The training rooms at the March Madness tournament were not comparable.
For male basketball players, the NCAA offered state-of-the-art equipment: a line of rowing machines, power racks and weights of every size.
For women, there was one small weight rack and a handful of yoga mats.
On Thursday, female players began highlighting the disparity on Twitter and TikTok. While the NCAA initially said the women’s facility didn’t have space for a full set of equipment, University of Oregon forward Sedona Prince quickly followed up with a video, showing there was ample room for more equipment. Her video sparked an outcry, with basketball players, along with many other prominent figures, calling on the NCAA to correct the disparities.
“We fell short this year in what we’ve been doing to prepare,” said Lynn Holzman, the NCAA’s vice president of women’s basketball. The NCAA is “actively working” to improve the women’s facilities, she added in a statement to journalists on Friday. Improvements to the facilities are expected to be made by Saturday morning.
In basketball, this kind of “inequality” is nothing new, Prince said. Female players are constantly derided on social media, forced to prove their strength and value on the court. I talked to Prince about her viral video — and the deeper gender disparities that persist in her sport.
This interview has been edited for length and clarity.
Caroline Kitchener: What does the NCAA March Madness tournament mean to you and your team?
Sedona Prince: If you know anything about basketball, you know the NCAA tournament. It’s the most widely broadcasted tournament for women in college basketball. Since the eighth grade, when I started getting serious, I’d look at all these college players. Filling out a bracket, it was such a big deal for me — like, I cannot wait until I’m there.
Caroline Kitchener: When did you see the workout room for the first time?
Sedona Prince: First I saw it on Twitter. Then last night I walked over with a couple of my teammates and we were all like, “Wow.” This is what people think that women need to be strong and play Division I sports? Twelve dumbbells and some yoga mats?
Caroline Kitchener: On a basic training level, why is it important for you to have access to weights at a major tournament?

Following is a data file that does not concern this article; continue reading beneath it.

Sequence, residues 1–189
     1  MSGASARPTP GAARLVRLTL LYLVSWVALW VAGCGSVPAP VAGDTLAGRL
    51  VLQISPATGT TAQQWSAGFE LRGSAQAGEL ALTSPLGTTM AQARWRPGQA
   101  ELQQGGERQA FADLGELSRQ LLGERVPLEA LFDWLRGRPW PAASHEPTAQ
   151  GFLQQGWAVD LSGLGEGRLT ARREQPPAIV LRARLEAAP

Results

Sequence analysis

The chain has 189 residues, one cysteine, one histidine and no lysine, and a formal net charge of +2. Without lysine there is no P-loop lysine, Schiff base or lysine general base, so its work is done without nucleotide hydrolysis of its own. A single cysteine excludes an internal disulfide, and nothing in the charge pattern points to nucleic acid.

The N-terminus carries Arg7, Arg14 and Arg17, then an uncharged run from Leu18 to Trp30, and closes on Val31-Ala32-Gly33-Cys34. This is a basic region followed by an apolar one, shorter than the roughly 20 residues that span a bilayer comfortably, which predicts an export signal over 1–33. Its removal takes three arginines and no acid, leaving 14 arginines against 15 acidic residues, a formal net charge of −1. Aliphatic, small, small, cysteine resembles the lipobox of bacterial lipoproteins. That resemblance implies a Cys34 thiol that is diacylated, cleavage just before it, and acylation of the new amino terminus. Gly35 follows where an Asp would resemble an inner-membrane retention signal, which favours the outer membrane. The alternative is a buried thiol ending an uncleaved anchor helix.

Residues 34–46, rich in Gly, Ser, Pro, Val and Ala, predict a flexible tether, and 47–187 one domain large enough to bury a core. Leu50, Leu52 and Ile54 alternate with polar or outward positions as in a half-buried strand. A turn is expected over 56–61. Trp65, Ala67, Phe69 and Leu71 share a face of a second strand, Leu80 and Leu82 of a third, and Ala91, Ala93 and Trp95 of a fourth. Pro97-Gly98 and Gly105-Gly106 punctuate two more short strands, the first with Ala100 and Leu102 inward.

Sedona Prince: People don’t realize how much time and energy we put into our sport. We have a four-hour practice every day, we lift four times a week, we have to eat certain meals. Lifting and body health is a huge part of my career. How far my body can go is how far I can go.
Caroline Kitchener: What kind of message did you and your teammates get from seeing those weights?
Sedona Prince: We were all just like, “This can’t be real.” It sent a signal that women don’t need to lift. Women don’t need the same physical activity that men do. It felt like [the NCAA] was saying, “You’re the JV team” — even though we’re at the same level as the men, we’ve worked just as hard as they have. Women are strong, too. I’m 6’7, 210 pounds. I’m a heavy lifter. What can I do with a 30-pound dumbbell?
Caroline Kitchener: I lift, too. And people are often shocked by that. They come into my house, look at the weights and assume they belong to my husband. Nope. They’re mine.
This message that women don’t need to lift, that we’re not as strong as men — has that shown up in your life before?
Sedona Prince: I get comments about this all the time on social media. People will say, “Get back in the kitchen,” and “You don’t belong in the sport.” And then when I posted this video, so many people were outraged that we were complaining. The video got posted on ESPN. You cannot post a woman on a sports site without having the top comment as something sexist. It just doesn’t happen.
Caroline Kitchener: What were they saying?
Sedona Prince: In the comments, people were calling me names. I got death threats in my DMs. And it’s like, come on. We’re just fighting for a piece of equality.
Caroline Kitchener: How do you deal with that kind of harassment?
Sedona Prince: My mom always taught me: “They’re just gnats. You just have to swat them away.” Honestly it’s kind of fun for me because I know I’m making a change. I’m making people mad, and if you’re mad, you’re the problem. You’re what’s wrong with sports.
Caroline Kitchener: Before this, how had you seen inequalities crop up between men’s and women’s basketball?
Sedona Prince: In high school, the men’s team was horrible and the women’s team went to state every single year. People would still say to us, “You guys suck,” “The JV team can beat you.” The amount of respect that the men’s team got versus ours — way more people showed up at the men’s games.
Caroline Kitchener: Have you seen a similar dynamic play out in college?
Sedona Prince: Last year, Sabrina Ionescu, a player on my team, hit a major milestone. She got 2,000 points: 1,000 rebounds and 1,000 assists. No college player has ever done that before, man or woman. It was such a feat for college basketball, not just women’s basketball. ESPN posted about it and Sabrina got all this hate. People said she’s in the women’s league so it doesn’t count. I think the biggest thing is that people don’t give women’s basketball a chance.
Caroline Kitchener: Why is that?
Sedona Prince: I think it’s about men’s own insecurities — like, “Oh maybe a woman is better than me at a sport. Maybe a woman is stronger than me.” Men are insecure when they see women be better than them.
Caroline Kitchener: What comes next for you in the tournament?
Sedona Prince: We play Monday. We have our first game against South Dakota State. I get to be on TV, wear my Oregon colors and represent my school.
Caroline Kitchener: How has all this affected the team?
Sedona Prince: Now we have more to prove. By winning, we can have an even bigger voice. We can prove more people wrong.